A prominent attorney attempted to arrange compensation for women who either made or considered making sexual misconduct allegations against then-presidential candidate Donald Trump during the final stretch of the 2016 election, The Hill reported Friday.
According to The Hill, last year, Lisa Bloom — who has worked on numerous harassment cases and also briefly defended film producer Harvey Weinstein earlier this year — represented four women who considered going public with accusations against Trump. Ultimately, two publicly accused Trump of misconduct while two declined to do so.
The report said that clients told The Hill that Bloom sought to arrange compensation for them from “donors and tabloid media outlets.”
According to the report:
California lawyer Lisa Bloom’s efforts included offering to sell alleged victims’ stories to TV outlets in return for a commission for herself, arranging a donor to pay off one Trump accuser’s mortgage and attempting to secure a six-figure payment for another woman who ultimately declined to come forward after being offered as much as $750,000, the clients told The Hill.
The Hill reported that “contemporaneous contractual documents, emails and text messages” chronicled the clients’ claims. One text message exchange “suggested political action committees supporting Hillary Clinton were contacted during the effort.”
What did Bloom say?
Bloom told The Hill that she didn’t seek to pressure women to come forward, but wanted to raise funds so they could relocate or arrange for security after they went public. She did not name anyone who contributed funds. She added that while she represented sexual harassment victims “for free or at reduced rates,” part of her contracts required women to pay her a commission as high as 33 percent if their stories were sold to tabloid outlets.
In a lengthy statement to The Hill, Bloom said she vetted her clients’ stories.
“You'll recall the very polarized and hostile atmosphere of [the] 2016 presidential election,” she said. “Emotions were running high, there were incidents of violence on the campaign trail, and threats of violence were a real and abiding concern. Nonetheless, several brave women came forward to accuse Donald Trump of harassment and assault.”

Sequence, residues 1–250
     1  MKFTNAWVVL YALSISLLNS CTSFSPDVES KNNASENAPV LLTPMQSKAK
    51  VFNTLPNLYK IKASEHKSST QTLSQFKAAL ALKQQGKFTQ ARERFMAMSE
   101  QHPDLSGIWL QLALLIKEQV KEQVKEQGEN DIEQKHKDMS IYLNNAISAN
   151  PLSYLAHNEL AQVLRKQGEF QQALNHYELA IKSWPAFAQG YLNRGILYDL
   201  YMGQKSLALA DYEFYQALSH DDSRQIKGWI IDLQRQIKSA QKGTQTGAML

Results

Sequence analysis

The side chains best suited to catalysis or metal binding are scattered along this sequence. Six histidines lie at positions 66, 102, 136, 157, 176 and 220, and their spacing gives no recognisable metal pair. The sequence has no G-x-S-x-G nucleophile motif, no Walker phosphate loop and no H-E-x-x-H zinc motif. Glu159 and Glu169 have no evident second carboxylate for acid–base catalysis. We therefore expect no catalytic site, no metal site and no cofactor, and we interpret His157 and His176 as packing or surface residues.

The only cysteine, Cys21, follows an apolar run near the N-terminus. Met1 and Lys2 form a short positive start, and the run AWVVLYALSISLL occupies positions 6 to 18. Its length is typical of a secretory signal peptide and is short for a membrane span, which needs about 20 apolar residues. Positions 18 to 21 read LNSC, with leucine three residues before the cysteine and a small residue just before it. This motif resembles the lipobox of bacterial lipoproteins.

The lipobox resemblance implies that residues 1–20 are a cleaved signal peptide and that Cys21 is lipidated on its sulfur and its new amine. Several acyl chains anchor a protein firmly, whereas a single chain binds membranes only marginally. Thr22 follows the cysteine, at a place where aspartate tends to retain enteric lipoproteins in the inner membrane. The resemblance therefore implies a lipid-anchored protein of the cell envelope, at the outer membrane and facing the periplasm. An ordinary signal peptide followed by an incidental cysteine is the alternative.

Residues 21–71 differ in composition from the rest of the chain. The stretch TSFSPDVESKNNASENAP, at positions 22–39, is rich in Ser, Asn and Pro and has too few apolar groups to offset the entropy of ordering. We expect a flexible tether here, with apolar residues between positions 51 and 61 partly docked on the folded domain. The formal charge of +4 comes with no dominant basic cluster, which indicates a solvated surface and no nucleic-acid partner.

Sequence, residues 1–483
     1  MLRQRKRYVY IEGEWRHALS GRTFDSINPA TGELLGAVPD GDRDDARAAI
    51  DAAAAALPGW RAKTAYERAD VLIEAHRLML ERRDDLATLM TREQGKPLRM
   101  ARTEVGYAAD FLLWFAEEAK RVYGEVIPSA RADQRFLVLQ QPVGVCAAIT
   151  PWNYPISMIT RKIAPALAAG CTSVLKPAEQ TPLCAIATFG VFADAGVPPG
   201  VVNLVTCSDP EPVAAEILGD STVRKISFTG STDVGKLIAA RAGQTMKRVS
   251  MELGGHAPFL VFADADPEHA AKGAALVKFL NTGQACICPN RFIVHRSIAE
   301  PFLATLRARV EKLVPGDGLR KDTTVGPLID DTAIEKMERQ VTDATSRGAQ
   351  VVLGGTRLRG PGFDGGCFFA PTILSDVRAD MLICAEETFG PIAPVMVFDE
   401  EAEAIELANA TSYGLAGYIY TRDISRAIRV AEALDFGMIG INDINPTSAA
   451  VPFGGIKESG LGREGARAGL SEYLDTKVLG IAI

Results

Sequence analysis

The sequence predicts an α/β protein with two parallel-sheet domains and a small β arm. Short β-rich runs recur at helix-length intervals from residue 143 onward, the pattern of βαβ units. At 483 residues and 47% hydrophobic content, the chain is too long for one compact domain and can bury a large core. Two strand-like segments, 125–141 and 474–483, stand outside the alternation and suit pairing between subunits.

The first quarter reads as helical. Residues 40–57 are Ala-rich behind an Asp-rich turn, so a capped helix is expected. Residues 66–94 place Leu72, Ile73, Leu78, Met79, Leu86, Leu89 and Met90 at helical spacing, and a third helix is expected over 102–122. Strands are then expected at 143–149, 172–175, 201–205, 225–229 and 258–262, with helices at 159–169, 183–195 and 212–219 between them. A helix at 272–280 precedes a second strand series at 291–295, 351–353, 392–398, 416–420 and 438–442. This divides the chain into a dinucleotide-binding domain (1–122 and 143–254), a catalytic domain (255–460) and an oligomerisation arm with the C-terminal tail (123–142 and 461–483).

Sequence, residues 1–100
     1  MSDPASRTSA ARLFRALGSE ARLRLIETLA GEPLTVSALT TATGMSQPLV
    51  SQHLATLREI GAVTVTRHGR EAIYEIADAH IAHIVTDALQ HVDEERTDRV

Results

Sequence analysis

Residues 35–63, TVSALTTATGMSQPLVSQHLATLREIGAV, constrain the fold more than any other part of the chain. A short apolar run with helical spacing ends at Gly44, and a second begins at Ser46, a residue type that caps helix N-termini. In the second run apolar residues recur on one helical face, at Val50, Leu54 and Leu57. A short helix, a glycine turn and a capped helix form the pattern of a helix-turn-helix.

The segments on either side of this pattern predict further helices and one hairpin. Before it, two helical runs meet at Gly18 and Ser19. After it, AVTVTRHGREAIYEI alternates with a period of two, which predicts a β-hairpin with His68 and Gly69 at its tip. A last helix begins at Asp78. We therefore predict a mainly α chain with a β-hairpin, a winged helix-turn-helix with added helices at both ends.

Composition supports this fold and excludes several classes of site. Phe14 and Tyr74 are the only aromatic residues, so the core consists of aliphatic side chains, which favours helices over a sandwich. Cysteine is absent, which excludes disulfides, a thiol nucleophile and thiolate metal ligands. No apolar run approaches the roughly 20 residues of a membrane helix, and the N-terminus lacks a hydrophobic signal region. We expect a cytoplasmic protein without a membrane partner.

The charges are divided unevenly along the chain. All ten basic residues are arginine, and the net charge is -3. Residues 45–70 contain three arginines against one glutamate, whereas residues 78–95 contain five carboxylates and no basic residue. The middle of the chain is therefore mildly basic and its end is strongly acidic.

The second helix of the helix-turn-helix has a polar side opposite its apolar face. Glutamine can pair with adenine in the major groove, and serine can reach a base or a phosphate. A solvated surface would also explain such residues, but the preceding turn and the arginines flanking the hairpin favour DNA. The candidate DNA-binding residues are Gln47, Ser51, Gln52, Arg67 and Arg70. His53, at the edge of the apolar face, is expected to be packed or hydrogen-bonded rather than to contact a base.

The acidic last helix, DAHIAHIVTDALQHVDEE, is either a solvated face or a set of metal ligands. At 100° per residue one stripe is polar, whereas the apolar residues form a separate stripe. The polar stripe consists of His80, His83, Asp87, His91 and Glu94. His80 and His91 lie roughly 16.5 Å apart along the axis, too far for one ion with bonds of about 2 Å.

“Donors came forward with offers of financial help to ensure the safety of the women who would come forward," Bloom said.
“I was happy to relay those offers of funds for relocation to a safer community and round the clock security,” she said.
Bloom added: “I can say unequivocally that we did not communicate with Hillary Clinton nor anyone from her campaign. We did not communicate with the Democratic National Committee or Perkins Coie (the DNC law firm) about the Trump accusers.”
She told The Hill reporters: “Your questions seem to imply that we were trying to use the prospect of donor funds to entice women to come forward against their will. Nothing can be further from the truth.”
In a tweet, Bloom added, “Do not let the right wing undermine the brave Trump accusers. Not today. Not ever. I stand with them.”
Jill Harth, one of Bloom’s clients, told The Hill that “Nothing that you’ve said to me about my mortgage or the GoFundMe that was created to help me out financially affects the facts or the veracity of my 1997 federal complaint against Donald J. Trump for sexual harassment and assault.
“In fact, my comments about him during his candidacy were only made in response to him opening the Pandora’s box about the complaint,” she said, adding that she and Trump had agreed to let “sleeping dogs lie,” but when the media uncovered her complaint, “Donald responded to it by repeatedly denigrating and disparaging me and releasing an old National Enquirer article from the 1990s that he planted.”
Harth said she is thankful for Bloom because “I was besieged by media requests then, and still am today, because Donald continues to stir the pot by supporting others who are accused of doing the same thing he has done to me. He continues to call me a liar and uses the White House as a weapon against me.”